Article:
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   by Jacob Solomon

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The details of the obligatory communal daily, Sabbath, and Festivals offerings end with:

These are the (obligatory communal )offerings that you shall make for G-d at the appointed times, apart from your (voluntary offerings including) vows, free-will offerings, burnt-offerings, grain-offerings, drink-offerings, and peace offerings (29:39).

The details of individual and voluntary offerings extend through the first eight chapters in the Book of Leviticus. The details of the communal daily, and additional Sabbath and Festivals offerings are given in this parasha. What is the strength of tagging the communal offerings with the individual offerings?

Rashi explains that this connection illustrates the notion that the Festivals are the best time of the year to bring personal offerings. This is especially true of vows made during the year. Otherwise people would have had to make a special trip to the Temple in Jerusalem for the purpose of offering an animal specified by means of a vow, to avoid transgressing 'you must not delay it' (Deut. 23:22).

In addition, the putting the individual offerings at the end of the communal offerings illustrates a principle valid for all time – with or without Temple worship. In Temple times, the communal unity during the Festivals gave a context, an atmosphere, where individual offerings would be all the more meaniful.

For non-Temple times: the exiled-to-Babylon Prophet Ezekiel communicates the following message to the Jewish people:

'Therefore, so says G-d! In dispersing you amongst nations in different lands, I will be a mikdash me-at – a small sanctuary' (Ez. 11:16).

Rashi, the Radak, and other commentators understand mikdash me-at as the beth ha-knesseth – the synagogue. The idea is embryonic after giving of the Ten Commandments: 'Wherever I (G-d) have caused my name to be mentioned, I will come to you and bless you' (Ex. 20:21, see Ethics of the Fathers 3:6).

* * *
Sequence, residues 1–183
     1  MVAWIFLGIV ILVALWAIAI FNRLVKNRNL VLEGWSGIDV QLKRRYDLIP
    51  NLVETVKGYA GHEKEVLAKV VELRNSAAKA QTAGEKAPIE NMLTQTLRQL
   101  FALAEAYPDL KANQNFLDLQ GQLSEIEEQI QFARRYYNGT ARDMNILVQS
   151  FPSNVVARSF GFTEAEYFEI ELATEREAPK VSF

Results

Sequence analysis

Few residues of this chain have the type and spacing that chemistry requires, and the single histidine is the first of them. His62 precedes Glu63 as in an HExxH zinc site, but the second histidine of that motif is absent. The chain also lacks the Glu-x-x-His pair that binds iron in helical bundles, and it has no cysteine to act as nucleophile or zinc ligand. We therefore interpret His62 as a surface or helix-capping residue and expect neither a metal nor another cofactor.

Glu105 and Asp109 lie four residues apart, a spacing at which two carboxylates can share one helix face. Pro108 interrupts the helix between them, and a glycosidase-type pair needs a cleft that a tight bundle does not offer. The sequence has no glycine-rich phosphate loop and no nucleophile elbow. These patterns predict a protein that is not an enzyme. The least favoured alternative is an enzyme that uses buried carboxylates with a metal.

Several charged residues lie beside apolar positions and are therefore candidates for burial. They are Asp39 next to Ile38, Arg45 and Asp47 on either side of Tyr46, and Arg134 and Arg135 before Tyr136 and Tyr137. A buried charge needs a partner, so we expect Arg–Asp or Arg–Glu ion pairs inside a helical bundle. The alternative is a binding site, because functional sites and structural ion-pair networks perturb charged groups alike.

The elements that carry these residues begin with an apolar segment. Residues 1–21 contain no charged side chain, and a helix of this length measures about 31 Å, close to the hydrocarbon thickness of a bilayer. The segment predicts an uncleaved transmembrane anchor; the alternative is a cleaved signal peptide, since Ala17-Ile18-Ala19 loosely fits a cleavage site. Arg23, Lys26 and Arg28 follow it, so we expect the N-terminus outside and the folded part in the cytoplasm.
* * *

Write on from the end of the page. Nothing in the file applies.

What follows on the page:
The synagogue thus functions as a mikdash me-at – 'a 'small temple'. Indeed, its artifacts: the ark with the Scrolls of the Law, the eternal light, and even the segregation of men and women are parallel to Temple worship. However, its procedures are manifestly different: prayer replaces the offerings – in line with 'our prayers replace offerings of cattle' (Hos. 14:3).

Prayer, however, comes in two forms – like the Temple sacrifices; regular communal and voluntary individual. There are the standard daily prayers – shacharit, mincha, and arvit. These reflect the daily Temple morning and afternoon offerings (c.f. 28:4), and the all-night burning of the remains of the offerings (c.f. Berachot 2a). There is also the mussaf - additional service - explicitly recounting the content of the Sabbath and Festival communal offerings. Like in the Temple, these services are the framework of worship. Whether one is in the mood to pray or not in the mood to pray, these prayers are said. As Moses put it to the Israelites: 'Beware less you forget G-d… and you say to yourself: 'I am as wealthy as I am because of my own strength and power' (Deut. 8:11,17). G-d is not to be approached just when you need him – with voluntary, personal prayer (the second type of prayer), but within a framework of regular worship, preferably in the communal framework. And it is that regular timetable of prayer that places the voluntary individual prayer – 'when you are desperate to cry out to G-d' – in stress, sickness, or in feelings of despair into a meaningful context…

For those looking for more comprehensive material, questions and answers on the Parasha may be found at and on the material on the Haftara at .

Written by Jacob Solomon. Tel 02 673 7998. E-mail: for any points you wish to raise and/or to join those that receive this Parasha sheet every week.

Parashiot from the First, Second, and Third Series may be viewed on the Shema Yisrael web-site:

Also by Jacob Solomon:
From the Prophets on the Haftara

Test Yourself - Questions and Answers


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